I recently fell down a retail reading rabbit hole. A biography on Amazon.com entitled “The Everything Store” led me to “Sam Walton: Made in America,” the autobiography of the legendary Wal-Mart Stores founder, one of Amazon founder and CEO Jeff Bezos’ inspirations, perhaps not surprisingly. Walton explained the rise of shopping centers in small towns all across America and how these enabled Wal-Mart to compete against the big city department stores.
So when I sat in the audience of the “Fast casual strengths, weaknesses, threats and opportunities: Is there still time to get in on the game?” panel at the most recent Restaurant Finance and Development Conference and heard Darren Tristano, Frank Paci, Jim Mizes and Philip Friedman talk about their real estate woes, I better understood the origins of their predicament: a fight for end-caps, as Einstein-Noah Restaurant Group CEO Frank Paci explained. In these shopping centers, a restaurant can either take space in-line or on an end-cap (versus standalone real estate not connected to other stores in a center). Paci explained that all of the brands represented on the panel that day were in an ongoing real estate war over the best end-caps.
The common wisdom is that end-caps are far preferable to in-line locations. There are multiple reasons for this. First, end-caps are on the corner and therefore offer the ability for the restaurant to display its signage on two sides of the shopping center. Second, end-caps tend to have more outdoor space for patrons to sit in outdoor seating areas. Thirdly, these locations may offer the restaurant the potential to operate a drive-thru that an in-line concept would not.
I began to think about Michael Lewis’ book “Moneyball” about the 2002 Oakland Athletics (full disclosure: I am a die-hard A’s fan). The central premise of “Moneyball” is that there may be smart ways of identifying undervalued assets and realizing outsized gains from their utilization. In the book, the A’s front-office ignores the players that their competitors identify as most desirable and put together a rag-tag group of undervalued players to break the record for the longest consecutive winning streak in the American League.
Listening to the fast casual panel, I thought “what if there was a “Moneyball” approach to restaurant real estate: some way to ignore the end-caps and focus on squeezing value out of the in-line locations?” Paci then made another comment that pushed my thinking that there may be an opportunity to do just that: “There may be a marriage of online ordering and pickup windows in fast casual,” said Paci. Having witnessed the rise of the smartphone (we’re set to head into 2015 with 75% smartphone penetration) and the rise of off-premise transactions in the restaurant industry (coincidentally also 75% of restaurant industry transactions), as the founder and CEO of Olo.com, I agree with Paci’s prediction and see it as an opportunity to squeeze extra value from in-line locations.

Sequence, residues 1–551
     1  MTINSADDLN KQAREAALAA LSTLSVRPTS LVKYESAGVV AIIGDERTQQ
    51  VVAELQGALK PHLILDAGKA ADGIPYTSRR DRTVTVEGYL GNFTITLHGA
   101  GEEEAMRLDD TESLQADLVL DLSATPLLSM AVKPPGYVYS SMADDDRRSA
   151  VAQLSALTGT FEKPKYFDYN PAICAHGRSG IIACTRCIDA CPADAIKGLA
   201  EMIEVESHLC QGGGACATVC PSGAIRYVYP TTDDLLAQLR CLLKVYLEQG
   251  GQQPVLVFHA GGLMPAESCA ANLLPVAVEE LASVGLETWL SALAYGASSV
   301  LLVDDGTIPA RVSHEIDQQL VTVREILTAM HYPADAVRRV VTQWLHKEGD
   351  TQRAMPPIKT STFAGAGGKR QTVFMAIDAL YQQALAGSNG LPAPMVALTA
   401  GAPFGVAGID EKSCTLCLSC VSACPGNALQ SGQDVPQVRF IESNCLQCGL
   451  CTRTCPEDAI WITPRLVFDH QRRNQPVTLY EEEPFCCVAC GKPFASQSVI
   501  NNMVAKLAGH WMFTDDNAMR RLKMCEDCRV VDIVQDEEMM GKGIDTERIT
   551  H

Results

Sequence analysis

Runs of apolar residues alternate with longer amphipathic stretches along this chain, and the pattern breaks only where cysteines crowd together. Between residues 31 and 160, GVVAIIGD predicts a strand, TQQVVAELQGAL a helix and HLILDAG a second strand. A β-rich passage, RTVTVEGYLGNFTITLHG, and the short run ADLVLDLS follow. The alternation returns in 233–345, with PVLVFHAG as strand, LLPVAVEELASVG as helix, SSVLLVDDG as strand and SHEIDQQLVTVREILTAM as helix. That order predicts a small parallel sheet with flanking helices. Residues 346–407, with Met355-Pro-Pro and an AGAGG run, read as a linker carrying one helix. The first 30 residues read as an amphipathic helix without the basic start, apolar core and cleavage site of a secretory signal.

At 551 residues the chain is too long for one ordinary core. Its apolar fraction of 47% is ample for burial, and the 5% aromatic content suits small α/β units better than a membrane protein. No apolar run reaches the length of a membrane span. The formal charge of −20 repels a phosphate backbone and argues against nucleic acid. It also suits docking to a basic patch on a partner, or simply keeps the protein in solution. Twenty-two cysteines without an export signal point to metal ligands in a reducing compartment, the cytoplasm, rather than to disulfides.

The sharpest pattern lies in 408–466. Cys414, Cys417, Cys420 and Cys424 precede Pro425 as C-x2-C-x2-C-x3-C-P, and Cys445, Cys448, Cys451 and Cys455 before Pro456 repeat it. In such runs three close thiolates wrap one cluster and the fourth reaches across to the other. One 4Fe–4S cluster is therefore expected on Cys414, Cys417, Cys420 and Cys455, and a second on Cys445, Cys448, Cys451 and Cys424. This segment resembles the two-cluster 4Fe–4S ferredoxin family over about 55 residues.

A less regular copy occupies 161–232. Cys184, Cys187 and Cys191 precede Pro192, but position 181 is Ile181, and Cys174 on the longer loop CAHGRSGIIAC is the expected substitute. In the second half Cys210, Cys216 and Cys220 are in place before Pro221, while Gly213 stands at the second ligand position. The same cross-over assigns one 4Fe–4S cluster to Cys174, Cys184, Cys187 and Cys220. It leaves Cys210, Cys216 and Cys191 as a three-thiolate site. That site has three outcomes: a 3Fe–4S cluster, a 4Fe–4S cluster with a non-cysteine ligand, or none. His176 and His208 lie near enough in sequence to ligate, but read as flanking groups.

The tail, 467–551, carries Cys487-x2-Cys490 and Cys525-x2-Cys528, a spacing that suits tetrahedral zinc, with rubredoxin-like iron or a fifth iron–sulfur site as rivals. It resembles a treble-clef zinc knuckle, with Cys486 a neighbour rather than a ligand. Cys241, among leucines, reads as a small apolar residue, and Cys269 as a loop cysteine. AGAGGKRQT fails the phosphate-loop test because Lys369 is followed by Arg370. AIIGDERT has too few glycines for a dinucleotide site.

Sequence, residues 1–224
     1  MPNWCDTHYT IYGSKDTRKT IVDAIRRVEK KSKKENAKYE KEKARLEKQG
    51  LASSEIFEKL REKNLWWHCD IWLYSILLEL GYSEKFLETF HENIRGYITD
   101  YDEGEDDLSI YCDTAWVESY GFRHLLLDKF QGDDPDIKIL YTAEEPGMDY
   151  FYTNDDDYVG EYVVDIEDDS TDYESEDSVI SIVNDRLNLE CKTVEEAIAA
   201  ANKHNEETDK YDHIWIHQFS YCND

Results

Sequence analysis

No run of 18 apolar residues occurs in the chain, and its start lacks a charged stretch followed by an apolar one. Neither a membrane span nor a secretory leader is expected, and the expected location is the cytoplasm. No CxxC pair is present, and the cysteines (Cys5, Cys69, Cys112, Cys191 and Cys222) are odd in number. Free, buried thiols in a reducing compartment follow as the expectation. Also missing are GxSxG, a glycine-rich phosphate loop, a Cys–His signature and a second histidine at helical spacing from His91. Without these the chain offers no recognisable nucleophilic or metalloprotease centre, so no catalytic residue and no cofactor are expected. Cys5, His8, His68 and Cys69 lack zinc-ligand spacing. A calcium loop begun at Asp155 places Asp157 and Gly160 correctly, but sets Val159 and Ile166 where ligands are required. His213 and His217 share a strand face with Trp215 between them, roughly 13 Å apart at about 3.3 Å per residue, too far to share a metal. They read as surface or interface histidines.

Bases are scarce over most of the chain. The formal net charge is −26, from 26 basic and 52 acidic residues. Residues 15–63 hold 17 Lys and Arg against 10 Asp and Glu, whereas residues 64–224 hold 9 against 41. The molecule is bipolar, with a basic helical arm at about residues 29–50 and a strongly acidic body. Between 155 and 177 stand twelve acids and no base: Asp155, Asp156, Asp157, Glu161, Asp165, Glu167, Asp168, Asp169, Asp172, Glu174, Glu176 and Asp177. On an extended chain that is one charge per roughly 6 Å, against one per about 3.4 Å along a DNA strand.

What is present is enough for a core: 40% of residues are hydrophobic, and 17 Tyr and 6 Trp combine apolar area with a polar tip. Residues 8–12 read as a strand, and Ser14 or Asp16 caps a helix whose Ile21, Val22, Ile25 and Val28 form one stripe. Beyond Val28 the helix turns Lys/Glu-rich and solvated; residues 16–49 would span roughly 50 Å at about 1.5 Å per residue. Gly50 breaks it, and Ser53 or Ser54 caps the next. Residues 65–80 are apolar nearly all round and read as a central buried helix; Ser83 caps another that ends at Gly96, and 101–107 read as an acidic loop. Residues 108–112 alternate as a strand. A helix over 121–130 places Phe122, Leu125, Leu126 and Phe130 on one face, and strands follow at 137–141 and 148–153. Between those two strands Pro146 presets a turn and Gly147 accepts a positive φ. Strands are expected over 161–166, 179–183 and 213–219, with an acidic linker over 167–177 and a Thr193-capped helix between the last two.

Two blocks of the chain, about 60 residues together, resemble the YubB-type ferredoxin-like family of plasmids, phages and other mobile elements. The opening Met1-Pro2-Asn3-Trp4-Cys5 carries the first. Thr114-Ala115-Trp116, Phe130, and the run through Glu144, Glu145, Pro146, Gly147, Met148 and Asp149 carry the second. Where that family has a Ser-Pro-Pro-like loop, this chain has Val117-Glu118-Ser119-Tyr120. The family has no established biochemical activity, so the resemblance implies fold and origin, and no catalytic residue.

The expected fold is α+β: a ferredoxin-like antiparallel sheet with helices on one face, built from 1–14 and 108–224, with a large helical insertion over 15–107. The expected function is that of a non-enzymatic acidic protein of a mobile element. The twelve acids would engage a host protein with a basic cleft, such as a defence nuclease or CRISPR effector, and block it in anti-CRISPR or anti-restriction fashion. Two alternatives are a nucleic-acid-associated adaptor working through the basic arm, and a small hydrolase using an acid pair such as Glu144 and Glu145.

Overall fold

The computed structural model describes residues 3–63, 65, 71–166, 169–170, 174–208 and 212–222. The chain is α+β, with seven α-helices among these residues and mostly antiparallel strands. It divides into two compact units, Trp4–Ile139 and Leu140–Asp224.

According to Hudson Riehle, senior vice president of the research and knowledge group for the National Restaurant Association, 54% of consumers order takeout/delivery from restaurant branded sites and apps. That means that the two-sided signage of the end-cap locations may be decreasingly valuable, since customers are making the buying decision ahead of time through the websites and apps, not when they’re on-site as an impulse decision. And if 75% of the transactions are being consumed off-premise (i.e. drive-thru, takeout, delivery), then the outdoor seating of the end-cap locations may be decreasingly valuable as well.
That leaves the drive-thru advantage, which is already less of a factor for fast casual concepts because the average order takes significantly longer to prepare than the average fast food order. If Paci is correct, as I believe he is, digital ordering can be for fast casual restaurants what drive-thru is for fast food restaurants: a convenient way to expedite your food collection experience. In this world, does an end-cap location add significant value to the consumer experience or the in-store operations vs. an in-line location? While Paci’s imagined pickup window may work better in the end-cap location, both types of location can equally cater to curbside pickup customers, neutralizing the final advantage of the end-cap location over the in-line location.
As more customers order off-premise and eat off-premise, restaurant brands may gain an advantage over the competition by deploying digital ordering and squeezing the same revenue per square foot out of in-line locations with a far lower rent per square foot than end-cap locations. That’s “Moneyball” real estate.
Noah Glass is the founder and CEO of Olo. Since 2005, Olo has helped restaurant brands increase revenue per square foot by delivering faster, more accurate, and more personal service through digital ordering. Today, over 10 million consumers use the Olo platform to order ahead and Skip the Line® at the restaurants they love.
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